It’s going to end up being something similar to a very bad flu season, though the mortality rate is considerably higher than with flu.

— Dr. Todd Bell

To decrease the odds of receiving COVID-19, medical professionals encourage continuous hand sanitation, proper coughing and sneezing techniques and social distancing.

“After exposure, people may have anywhere between two and up to 14 days before they begin to exhibit symptoms,” Bell said. “We want people to be sure and wash their hands or use hand sanitizer frequently–multiple times per day. We don’t want people to be touching their face through the course of the day because this creates an opportunity for the virus to spread. We want folks to be sure to cover their mouths or nose if they cough or sneeze because, with that latency period, people may potentially have the virus and not realize it yet. People who are sick need to stay home and avoid contact with others, and even people that are not sick should avoid unnecessary contact.”

Bell said the pandemic has an economic impact over the globe, causing drops in the stock market and a decrease in gross domestic production around the world.

“This is a global economy, so if there’s a problem in one part of the world, it oftentimes affects other parts,” Bell said. “There’s also things we may not think of initially. For example, in hospitals there are some medicines that are dependent on China to be able to come up with different components to the medicines. So, those medicines may end up being in somewhat short supply until we see that the epidemic has passed and those production facilities come back online in different parts of the world where they’re being produced.”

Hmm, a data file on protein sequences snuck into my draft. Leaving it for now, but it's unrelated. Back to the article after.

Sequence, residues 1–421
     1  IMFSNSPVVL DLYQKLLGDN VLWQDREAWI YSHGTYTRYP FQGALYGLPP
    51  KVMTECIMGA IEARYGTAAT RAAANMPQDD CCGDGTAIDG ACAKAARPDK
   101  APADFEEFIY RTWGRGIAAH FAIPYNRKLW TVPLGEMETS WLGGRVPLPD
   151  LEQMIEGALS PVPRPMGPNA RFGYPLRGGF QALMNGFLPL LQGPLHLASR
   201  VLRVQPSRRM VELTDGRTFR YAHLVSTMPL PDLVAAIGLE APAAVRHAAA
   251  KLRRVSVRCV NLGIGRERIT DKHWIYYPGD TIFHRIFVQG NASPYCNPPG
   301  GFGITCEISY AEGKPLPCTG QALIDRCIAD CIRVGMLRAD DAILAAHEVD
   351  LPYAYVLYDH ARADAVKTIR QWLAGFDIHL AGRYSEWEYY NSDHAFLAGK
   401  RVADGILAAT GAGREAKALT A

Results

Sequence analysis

One local and national effect is the lack of personal protective equipment within the healthcare community. Citizens and healthcare workers are sewing their own masks to compensate.

“It is vital that we get appropriate PPE to healthcare workers,” Bell said. “If healthcare workers are unable to work because they are sick, that has a significant and detrimental impact all across the community. Everyone depends on the healthcare workers being there when they have a medical problem.”

Bell said although the coronavirus induced a global panic, the virus has not reacted unexpectedly. Outbreaks are common occurrences, and public health services track them around the world on an ongoing basis.

“It’s not a novel thing to have an outbreak,” Bell said. “So, with the initial reports of the coronavirus, we knew that it had potential to become a global problem because of its mutation rate and because of prior coronavirus outbreaks that have been able to spread, but we didn’t know until we started to see that person-to-person transmission that this was actually going to be an issue. Since that time, basically since mid-January, I don’t know that this virus has done anything unexpected. It’s done what a virus does when it enters into a new population.”